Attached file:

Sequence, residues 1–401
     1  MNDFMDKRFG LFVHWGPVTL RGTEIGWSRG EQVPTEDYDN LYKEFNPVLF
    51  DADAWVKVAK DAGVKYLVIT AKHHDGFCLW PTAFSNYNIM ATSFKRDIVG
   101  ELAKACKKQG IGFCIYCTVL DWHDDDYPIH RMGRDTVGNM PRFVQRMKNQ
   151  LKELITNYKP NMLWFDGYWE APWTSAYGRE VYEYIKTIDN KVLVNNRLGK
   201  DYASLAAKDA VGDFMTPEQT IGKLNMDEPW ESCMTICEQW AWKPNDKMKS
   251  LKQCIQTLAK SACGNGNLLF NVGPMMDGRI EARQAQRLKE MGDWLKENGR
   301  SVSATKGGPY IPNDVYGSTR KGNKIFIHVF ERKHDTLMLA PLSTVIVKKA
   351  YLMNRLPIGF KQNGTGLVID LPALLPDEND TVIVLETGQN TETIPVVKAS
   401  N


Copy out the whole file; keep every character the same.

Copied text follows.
Sequence, residues 1–401
     1  MNDFMDKRFG LFVHWGPVTL RGTEIGWSRG EQVPTEDYDN LYKEFNPVLF
    51  DADAWVKVAK DAGVKYLVIT AKHHDGFCLW PTAFSNYNIM ATSFKRDIVG
   101  ELAKACKKQG IGFCIYCTVL DWHDDDYPIH RMGRDTVGNM PRFVQRMKNQ
   151  LKELITNYKP NMLWFDGYWE APWTSAYGRE VYEYIKTIDN KVLVNNRLGK
   201  DYASLAAKDA VGDFMTPEQT IGKLNMDEPW ESCMTICEQW AWKPNDKMKS
   251  LKQCIQTLAK SACGNGNLLF NVGPMMDGRI EARQAQRLKE MGDWLKENGR
   301  SVSATKGGPY IPNDVYGSTR KGNKIFIHVF ERKHDTLMLA PLSTVIVKKA
   351  YLMNRLPIGF KQNGTGLVID LPALLPDEND TVIVLETGQN TETIPVVKAS
   401  N